|Bio-ORACLE v2.0: extending marine data layers for bioclimatic modelling|Assis, J.; Tyberghein, L.; Bosch, S.; Verbruggen, H.; Serrão, E.A.; De Clerck, O. (2018). Bio-ORACLE v2.0: extending marine data layers for bioclimatic modelling. Glob. Ecol. Biogeogr. 27(3): 277-284. https://hdl.handle.net/10.1111/geb.12693
In: Global Ecology and Biogeography. Blackwell Science: Oxford. ISSN 1466-822X; e-ISSN 1466-8238, meer
Bio-ORACLE; bioclimatic modelling; environmental data; global; kriging;macroecology; marine; species distribution modelling
|Auteurs|| || Top |
- Assis, J.
- Tyberghein, L.
- Bosch, S.
- Verbruggen, H.
- Serrão, E.A.
- De Clerck, O.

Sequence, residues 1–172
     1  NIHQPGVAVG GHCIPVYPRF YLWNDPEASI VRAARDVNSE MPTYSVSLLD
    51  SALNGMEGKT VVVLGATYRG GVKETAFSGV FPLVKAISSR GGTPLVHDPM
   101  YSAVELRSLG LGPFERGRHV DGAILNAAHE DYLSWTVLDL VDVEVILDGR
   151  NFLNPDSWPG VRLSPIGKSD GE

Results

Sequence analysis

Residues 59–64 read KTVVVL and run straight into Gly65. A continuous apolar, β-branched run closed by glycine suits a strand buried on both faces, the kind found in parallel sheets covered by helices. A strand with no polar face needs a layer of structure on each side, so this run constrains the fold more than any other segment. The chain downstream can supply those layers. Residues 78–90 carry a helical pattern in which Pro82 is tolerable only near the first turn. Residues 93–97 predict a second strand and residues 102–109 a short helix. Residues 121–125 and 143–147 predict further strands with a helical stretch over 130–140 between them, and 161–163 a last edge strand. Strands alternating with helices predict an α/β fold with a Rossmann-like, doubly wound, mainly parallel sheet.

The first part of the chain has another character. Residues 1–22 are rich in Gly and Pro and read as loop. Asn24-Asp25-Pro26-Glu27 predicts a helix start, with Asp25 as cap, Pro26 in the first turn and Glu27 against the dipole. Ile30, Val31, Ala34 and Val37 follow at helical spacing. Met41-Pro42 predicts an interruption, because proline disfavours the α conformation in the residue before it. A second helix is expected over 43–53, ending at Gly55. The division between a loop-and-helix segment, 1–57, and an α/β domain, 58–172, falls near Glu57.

Motivation: The availability of user-friendly, high-resolution global environmental datasets is crucial for bioclimatic modelling. For terrestrial environments, WorldClim has served this purpose since 2005, but equivalent marine data only became available in 2012, with pioneer initiatives like Bio-ORACLE providing data layers for several ecologically relevant variables. Currently, the available marine data packages have not yet been updated to the most recent Intergovernmental Panel on Climate Change (IPCC) predictions nor to present times, and are mostly restricted to the top surface layer of the oceans, precluding the modelling of a large fraction of the benthic diversity that inhabits deeper habitats. To address this gap, we present a significant update of Bio-ORACLE for new future climate scenarios, present-day conditions and benthic layers (near sea bottom). The reliability of data layers was assessed using a cross-validation framework against in situ quality-controlled data. This test showed a generally good agreement between our data layers and the global climatic patterns. We also provide a package of functions in the R software environment (sdmpredictors) to facilitate listing, extraction and management of data layers and allow easy integration with the available pipelines for bioclimatic modelling. Main types of variable contained: Surface and benthic layers for water temperature, salinity, nutrients, chlorophyll, sea ice, current velocity, phytoplankton, primary productivity, iron and light at bottom. Spatial location and grain: Global at 5 arcmin (c.0.08 degrees or 9.2 km at the equator). Time period and grain: Present (2000-2014) and future (2040-2050 and 2090-2100) environmental conditions based on monthly averages. Major taxa and level of measurement: Marine biodiversity associated with sea surface and epibenthic habitats. Software format: ASCII and TIFF grid formats for geographical information systems and a package of functions developed for R software.